Question #1 of 6
B) Berg is incorrect regarding both statements.
Berg is incorrect about both. Berg is wrong on both counts. A conflict between quantitative and
qualitative data is worrisome and would lead to a need for more investigation or excluding that
manager from consideration. Regarding top-down versus bottom-up, Berg is performing the topdown macroeconomic analysis and then relying on managers to add value with individual
security selection. She is using the managers for bottom-up security selection.
Question #2 of 6
A) Topic 4, competitive position.
Topic 4, competitive position, is not typically included in a manager questionnaire. The section
not listed in Berg's questionnaire that would usually be listed is resources and research.
Question #3 of 6
C) A principal advantage of performance-based fees is that they help managers retain staff
since they reward good performance.
A principal disadvantage of performance-based fees is that the increased volatility of a
manager's compensation can create problems with retaining staff. The other statements are
Question #4 of 6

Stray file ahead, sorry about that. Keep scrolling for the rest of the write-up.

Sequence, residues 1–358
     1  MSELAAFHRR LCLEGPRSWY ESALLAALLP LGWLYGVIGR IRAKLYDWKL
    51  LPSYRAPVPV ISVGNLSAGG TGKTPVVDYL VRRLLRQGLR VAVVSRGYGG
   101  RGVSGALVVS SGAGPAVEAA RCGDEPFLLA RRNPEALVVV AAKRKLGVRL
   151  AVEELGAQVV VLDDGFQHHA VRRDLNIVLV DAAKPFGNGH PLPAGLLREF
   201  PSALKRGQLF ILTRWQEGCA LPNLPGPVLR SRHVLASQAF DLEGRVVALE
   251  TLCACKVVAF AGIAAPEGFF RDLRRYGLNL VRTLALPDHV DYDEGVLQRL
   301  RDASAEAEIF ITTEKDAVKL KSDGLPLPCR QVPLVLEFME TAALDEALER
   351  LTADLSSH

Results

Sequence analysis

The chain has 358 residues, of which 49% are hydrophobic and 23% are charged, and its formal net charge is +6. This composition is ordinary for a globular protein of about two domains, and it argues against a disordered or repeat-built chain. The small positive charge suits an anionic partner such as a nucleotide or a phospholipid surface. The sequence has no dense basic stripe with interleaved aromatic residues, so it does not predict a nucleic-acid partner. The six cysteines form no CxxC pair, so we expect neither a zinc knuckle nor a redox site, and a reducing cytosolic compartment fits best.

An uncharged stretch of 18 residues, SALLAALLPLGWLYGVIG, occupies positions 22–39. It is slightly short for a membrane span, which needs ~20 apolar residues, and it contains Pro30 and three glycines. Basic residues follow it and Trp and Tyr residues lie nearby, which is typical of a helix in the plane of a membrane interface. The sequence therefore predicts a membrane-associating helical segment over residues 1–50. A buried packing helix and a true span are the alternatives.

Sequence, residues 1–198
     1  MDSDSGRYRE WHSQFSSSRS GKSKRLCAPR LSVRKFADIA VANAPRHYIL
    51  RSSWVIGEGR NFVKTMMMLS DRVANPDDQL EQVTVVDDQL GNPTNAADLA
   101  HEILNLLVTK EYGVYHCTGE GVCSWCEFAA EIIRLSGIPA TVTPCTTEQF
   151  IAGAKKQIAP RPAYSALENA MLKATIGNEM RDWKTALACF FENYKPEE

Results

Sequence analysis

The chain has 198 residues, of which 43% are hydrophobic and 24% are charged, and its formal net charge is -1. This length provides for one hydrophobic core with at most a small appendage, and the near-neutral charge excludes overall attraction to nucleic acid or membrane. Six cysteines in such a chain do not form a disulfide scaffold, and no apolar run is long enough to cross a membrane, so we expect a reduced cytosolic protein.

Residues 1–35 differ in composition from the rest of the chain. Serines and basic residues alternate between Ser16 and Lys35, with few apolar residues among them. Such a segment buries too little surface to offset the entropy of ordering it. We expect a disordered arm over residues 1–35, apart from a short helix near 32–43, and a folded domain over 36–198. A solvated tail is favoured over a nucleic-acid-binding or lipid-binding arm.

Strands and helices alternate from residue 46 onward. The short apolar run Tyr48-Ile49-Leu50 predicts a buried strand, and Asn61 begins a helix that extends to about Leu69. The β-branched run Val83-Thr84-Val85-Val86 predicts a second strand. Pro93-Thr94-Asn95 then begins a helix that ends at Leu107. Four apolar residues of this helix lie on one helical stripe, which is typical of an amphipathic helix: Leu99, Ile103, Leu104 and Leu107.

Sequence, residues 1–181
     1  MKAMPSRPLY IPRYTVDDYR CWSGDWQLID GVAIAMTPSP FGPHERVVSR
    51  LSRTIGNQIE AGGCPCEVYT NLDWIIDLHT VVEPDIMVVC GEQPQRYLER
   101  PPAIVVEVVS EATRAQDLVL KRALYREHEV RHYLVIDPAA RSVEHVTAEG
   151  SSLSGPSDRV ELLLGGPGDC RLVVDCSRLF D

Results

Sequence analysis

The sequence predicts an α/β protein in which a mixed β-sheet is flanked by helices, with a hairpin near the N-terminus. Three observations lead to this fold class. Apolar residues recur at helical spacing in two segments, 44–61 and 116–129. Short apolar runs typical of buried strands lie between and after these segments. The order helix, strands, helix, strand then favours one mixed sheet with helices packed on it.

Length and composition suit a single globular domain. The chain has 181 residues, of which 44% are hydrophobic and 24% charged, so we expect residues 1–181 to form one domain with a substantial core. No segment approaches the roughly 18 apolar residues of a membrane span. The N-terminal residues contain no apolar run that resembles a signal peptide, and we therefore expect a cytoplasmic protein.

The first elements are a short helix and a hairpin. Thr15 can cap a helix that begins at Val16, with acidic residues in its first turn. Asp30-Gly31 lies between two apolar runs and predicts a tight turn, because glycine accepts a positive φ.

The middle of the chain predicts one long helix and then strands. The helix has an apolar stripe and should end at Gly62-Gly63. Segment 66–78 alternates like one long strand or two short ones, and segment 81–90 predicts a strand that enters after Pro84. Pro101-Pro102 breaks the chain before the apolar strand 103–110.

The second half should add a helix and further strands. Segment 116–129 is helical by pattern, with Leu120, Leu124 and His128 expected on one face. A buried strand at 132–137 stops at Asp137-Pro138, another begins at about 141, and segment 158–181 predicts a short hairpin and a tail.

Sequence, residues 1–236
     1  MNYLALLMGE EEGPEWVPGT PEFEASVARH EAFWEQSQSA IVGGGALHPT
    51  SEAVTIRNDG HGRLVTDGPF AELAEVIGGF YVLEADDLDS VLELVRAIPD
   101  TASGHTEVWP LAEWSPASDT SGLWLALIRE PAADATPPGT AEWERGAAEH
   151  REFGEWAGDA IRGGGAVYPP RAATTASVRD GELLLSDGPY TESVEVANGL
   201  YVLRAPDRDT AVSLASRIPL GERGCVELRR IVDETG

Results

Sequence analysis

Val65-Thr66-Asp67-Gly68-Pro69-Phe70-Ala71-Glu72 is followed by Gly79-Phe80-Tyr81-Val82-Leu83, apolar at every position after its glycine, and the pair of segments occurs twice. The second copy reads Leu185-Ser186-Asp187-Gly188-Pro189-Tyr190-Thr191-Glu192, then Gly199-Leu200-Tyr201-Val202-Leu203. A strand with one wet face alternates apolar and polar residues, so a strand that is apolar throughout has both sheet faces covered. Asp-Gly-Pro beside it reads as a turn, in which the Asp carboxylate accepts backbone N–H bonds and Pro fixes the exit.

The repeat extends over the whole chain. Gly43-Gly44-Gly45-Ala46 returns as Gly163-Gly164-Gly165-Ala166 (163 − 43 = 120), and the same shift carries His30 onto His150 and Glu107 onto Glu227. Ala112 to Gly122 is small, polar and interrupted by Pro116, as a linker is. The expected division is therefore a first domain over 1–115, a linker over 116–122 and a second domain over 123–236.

B) Corbin is incorrect regarding both statements.
Corbin is incorrect on both points. A contrarian strategy (e.g., investing in recent losers) often
works as well with managers as it does with stocks. Ad-valorem fees are also referred to as
asset under management (AUM) fees and depend on asset value managed, not manager
Question #5 of 6
A) Only one is correct.
Berg is incorrect because the risks are more clearly defined in an alpha and beta separation
approach than in a long-only strategy. Corbin is correct that an alpha and beta separation
strategy could be implemented by taking a long passive position in an index such as the S&P
500 for beta and picking up alpha in a long-short active strategy in a less efficient market.
Question #6 of 6
C) The investor's total return equals the net profit or loss from the long/short position plus the
profit or loss from the futures contract, all divided by the equity the investor put up for the
The first two are true. The portfolio results are typically compared to the market in which the
investor's capital is invested. The short sale proceeds could be invested in a long position in
equity futures. This is unusual as the only potential alphas would be from shorting overvalued
securities. Usually individual undervalued securities would be purchased to earn alpha on the
long positions as well. But C is possible and not inconsistent with equitizing long/short. The last
statement is partially false. It is true the profits and losses on the individual securities and futures
contract are aggregated. But if contracts are used to create the equity market exposure, the
investor's capital is invested in cash equivalents to fully collateralize the contract position. Thus,
the risk-free rate is also earned.